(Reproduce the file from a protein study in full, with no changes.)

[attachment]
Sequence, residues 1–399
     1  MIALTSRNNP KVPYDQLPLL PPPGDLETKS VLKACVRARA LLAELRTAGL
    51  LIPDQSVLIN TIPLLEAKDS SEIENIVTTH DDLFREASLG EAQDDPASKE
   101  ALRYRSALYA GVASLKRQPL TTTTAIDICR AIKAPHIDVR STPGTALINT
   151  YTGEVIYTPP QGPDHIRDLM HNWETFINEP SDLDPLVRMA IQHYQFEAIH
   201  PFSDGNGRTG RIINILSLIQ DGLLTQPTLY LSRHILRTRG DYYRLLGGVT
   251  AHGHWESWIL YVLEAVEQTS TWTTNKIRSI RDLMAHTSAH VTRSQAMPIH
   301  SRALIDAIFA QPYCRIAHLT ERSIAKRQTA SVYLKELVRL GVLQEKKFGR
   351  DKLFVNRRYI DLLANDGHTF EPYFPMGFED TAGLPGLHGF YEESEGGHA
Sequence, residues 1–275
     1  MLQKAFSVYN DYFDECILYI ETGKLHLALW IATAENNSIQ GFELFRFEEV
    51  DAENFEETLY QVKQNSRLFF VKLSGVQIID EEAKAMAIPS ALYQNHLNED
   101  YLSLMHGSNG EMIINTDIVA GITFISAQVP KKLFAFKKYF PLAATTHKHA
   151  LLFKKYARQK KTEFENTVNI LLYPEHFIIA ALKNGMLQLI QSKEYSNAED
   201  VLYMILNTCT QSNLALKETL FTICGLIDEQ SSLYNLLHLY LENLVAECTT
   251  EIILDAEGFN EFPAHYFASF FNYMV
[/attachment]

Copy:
Sequence, residues 1–399
     1  MIALTSRNNP KVPYDQLPLL PPPGDLETKS VLKACVRARA LLAELRTAGL
    51  LIPDQSVLIN TIPLLEAKDS SEIENIVTTH DDLFREASLG EAQDDPASKE
   101  ALRYRSALYA GVASLKRQPL TTTTAIDICR AIKAPHIDVR STPGTALINT
   151  YTGEVIYTPP QGPDHIRDLM HNWETFINEP SDLDPLVRMA IQHYQFEAIH
   201  PFSDGNGRTG RIINILSLIQ DGLLTQPTLY LSRHILRTRG DYYRLLGGVT
   251  AHGHWESWIL YVLEAVEQTS TWTTNKIRSI RDLMAHTSAH VTRSQAMPIH
   301  SRALIDAIFA QPYCRIAHLT ERSIAKRQTA SVYLKELVRL GVLQEKKFGR
   351  DKLFVNRRYI DLLANDGHTF EPYFPMGFED TAGLPGLHGF YEESEGGHA
Sequence, residues 1–275
     1  MLQKAFSVYN DYFDECILYI ETGKLHLALW IATAENNSIQ GFELFRFEEV
    51  DAENFEETLY QVKQNSRLFF VKLSGVQIID EEAKAMAIPS ALYQNHLNED
   101  YLSLMHGSNG EMIINTDIVA GITFISAQVP KKLFAFKKYF PLAATTHKHA
   151  LLFKKYARQK KTEFENTVNI LLYPEHFIIA ALKNGMLQLI QSKEYSNAED
   201  VLYMILNTCT QSNLALKETL FTICGLIDEQ SSLYNLLHLY LENLVAECTT
   251  EIILDAEGFN EFPAHYFASF FNYMV